Today we’re sharing an update to Caselaw Access Project systems. This change shows one way libraries can support access to large datasets at low cost. Here’s how we did it.

Unlike many services that run in the cloud, CAP runs on bare-metal servers. Running on bare metal solves two problems for us as a nonprofit: it gets us faster servers for less money, and it means we can offer high-traffic or CPU-intensive services to our users without risking an unexpected bill at the end of the month.

In the last few weeks we moved our main server to a new 64-core CPU with all-SSD storage. As long as we were doing that, we took the opportunity to upgrade our stack from Debian 9 to Debian 10, Python 3.5 to 3.7, Postgres 9.6 to 11, and Elasticsearch 6 to 7, as well as updating our own software to be compatible with the new stack.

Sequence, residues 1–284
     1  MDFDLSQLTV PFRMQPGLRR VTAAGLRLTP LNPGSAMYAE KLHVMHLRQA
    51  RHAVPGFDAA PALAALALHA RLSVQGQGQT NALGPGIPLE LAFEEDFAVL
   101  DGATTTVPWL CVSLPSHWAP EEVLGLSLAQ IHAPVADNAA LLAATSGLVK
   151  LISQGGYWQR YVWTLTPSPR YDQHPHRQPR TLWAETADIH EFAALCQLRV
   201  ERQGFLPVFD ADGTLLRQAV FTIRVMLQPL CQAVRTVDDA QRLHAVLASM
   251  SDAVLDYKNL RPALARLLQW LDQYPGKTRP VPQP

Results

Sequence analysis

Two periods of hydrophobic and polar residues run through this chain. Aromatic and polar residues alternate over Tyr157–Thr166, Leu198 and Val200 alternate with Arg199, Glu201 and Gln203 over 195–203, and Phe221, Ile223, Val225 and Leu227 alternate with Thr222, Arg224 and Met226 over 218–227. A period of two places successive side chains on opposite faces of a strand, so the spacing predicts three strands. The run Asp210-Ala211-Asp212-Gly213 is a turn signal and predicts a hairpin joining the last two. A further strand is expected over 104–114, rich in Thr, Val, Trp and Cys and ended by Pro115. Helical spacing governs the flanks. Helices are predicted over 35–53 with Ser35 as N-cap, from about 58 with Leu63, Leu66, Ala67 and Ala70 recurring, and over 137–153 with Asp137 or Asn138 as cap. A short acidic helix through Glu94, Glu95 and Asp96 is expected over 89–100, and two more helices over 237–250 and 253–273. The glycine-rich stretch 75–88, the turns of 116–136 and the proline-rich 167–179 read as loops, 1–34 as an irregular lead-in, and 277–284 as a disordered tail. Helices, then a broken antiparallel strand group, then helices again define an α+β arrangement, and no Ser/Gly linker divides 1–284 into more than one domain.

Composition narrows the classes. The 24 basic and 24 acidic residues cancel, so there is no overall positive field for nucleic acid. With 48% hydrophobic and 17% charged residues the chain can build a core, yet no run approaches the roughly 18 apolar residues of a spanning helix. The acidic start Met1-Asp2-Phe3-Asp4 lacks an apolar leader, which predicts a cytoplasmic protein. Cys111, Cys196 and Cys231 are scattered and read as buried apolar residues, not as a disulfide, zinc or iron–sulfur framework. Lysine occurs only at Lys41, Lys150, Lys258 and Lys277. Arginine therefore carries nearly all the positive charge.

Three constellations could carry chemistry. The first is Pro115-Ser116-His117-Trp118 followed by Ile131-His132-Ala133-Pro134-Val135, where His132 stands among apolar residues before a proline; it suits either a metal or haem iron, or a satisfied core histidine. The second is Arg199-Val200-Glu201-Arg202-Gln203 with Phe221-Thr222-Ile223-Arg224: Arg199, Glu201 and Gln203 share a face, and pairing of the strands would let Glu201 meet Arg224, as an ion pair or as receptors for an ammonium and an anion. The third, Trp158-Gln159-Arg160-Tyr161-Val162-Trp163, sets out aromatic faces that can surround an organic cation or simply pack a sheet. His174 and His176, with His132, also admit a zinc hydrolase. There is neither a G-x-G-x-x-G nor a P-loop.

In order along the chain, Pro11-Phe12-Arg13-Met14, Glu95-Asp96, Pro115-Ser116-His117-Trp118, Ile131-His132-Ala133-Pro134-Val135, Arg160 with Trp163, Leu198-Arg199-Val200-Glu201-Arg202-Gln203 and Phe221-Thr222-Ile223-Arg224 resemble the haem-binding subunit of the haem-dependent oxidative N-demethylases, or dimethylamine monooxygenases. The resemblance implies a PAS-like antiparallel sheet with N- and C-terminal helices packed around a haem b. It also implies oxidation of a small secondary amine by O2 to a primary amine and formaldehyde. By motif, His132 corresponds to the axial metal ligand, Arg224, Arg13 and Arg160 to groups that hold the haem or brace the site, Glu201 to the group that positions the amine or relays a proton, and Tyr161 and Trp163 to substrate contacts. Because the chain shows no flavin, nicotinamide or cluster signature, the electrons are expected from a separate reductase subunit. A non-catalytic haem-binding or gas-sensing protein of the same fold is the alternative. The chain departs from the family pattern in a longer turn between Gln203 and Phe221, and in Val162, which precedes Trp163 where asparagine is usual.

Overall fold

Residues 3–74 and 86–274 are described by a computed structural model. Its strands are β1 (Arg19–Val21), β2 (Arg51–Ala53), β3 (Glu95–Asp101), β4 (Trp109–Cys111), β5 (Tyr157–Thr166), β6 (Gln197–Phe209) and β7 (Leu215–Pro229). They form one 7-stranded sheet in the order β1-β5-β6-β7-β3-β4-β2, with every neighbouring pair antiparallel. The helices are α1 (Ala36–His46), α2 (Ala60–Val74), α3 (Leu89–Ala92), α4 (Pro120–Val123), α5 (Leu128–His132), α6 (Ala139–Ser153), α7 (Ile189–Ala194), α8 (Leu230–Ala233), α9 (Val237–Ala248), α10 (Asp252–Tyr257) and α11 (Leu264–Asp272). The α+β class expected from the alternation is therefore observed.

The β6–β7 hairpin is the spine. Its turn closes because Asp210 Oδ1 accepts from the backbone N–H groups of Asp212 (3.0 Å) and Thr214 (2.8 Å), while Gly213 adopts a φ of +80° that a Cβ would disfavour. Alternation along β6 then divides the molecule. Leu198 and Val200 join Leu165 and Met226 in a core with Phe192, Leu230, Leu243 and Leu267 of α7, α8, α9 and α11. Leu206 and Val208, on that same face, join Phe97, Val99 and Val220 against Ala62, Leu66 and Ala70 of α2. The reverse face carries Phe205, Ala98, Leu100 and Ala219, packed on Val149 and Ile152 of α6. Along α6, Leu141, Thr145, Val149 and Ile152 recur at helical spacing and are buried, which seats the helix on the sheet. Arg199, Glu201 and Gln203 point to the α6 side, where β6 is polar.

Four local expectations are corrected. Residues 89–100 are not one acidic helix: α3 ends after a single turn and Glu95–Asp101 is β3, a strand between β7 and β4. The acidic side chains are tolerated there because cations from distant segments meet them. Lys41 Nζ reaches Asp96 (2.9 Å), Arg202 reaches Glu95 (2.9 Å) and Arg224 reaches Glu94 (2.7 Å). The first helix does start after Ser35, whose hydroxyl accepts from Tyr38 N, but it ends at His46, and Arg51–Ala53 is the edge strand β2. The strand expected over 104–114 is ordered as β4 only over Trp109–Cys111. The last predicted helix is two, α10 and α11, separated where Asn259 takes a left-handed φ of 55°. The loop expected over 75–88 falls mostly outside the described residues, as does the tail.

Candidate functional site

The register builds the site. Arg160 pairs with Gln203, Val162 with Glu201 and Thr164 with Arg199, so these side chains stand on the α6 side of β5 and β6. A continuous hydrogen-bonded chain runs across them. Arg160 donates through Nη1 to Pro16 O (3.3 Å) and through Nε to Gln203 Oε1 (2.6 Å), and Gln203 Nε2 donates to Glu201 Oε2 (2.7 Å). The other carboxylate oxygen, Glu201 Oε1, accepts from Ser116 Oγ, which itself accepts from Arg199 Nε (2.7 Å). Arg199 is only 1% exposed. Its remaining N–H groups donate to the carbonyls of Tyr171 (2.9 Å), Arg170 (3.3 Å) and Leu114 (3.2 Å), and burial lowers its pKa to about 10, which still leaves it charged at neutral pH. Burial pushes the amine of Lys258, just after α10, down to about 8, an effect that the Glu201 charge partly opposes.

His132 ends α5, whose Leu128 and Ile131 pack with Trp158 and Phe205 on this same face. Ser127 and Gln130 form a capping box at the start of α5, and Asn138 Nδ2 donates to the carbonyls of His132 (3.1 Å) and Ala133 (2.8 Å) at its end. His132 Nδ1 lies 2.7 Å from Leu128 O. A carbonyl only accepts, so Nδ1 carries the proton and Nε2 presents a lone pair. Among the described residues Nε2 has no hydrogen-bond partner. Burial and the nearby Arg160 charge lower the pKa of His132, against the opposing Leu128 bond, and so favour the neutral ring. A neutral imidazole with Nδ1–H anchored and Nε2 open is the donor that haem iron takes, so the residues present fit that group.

The upshot is that our most resource-intensive tasks, like citation extraction, bulk exports, and rebuilding our search index now run about 20 times faster than they did a few weeks ago. This helps us move large amounts of data more quickly, for less money. We’re looking forward to using that faster server for new features, like custom, on-demand bulk exports for researchers.

We like to talk about the systems behind CAP. Have questions about how CAP works? Let us know!